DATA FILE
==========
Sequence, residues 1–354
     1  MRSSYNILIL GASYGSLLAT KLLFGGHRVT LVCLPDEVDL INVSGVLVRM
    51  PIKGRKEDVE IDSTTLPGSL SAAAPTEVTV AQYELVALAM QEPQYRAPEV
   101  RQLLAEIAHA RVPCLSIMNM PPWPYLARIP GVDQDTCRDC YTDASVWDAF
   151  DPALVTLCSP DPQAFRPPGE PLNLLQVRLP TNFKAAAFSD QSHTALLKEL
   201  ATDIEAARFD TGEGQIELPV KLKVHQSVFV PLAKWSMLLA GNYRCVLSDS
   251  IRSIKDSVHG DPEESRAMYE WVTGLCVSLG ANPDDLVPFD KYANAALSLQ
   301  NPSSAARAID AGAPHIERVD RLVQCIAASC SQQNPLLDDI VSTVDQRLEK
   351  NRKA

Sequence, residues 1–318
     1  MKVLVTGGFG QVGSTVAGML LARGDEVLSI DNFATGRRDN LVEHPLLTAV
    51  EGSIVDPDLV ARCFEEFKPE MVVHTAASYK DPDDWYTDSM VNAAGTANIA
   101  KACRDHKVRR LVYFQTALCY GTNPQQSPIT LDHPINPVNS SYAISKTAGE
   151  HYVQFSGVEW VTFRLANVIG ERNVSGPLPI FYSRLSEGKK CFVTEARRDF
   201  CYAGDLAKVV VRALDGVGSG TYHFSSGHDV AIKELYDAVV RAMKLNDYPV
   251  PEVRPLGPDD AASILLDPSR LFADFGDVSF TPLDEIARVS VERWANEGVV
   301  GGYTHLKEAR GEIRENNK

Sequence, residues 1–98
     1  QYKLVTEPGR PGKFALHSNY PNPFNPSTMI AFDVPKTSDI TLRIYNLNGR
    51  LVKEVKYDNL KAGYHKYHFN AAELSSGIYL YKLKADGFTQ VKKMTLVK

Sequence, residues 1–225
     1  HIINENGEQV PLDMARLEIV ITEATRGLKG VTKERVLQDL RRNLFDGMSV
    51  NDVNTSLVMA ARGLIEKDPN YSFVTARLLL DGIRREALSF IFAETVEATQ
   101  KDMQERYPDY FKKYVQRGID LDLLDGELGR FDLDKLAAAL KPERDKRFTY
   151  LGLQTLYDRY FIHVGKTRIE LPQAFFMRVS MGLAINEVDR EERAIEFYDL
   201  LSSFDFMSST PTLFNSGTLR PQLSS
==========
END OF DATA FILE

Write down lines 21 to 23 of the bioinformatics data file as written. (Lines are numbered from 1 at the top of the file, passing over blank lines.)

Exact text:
Sequence, residues 1–225
     1  HIINENGEQV PLDMARLEIV ITEATRGLKG VTKERVLQDL RRNLFDGMSV
    51  NDVNTSLVMA ARGLIEKDPN YSFVTARLLL DGIRREALSF IFAETVEATQ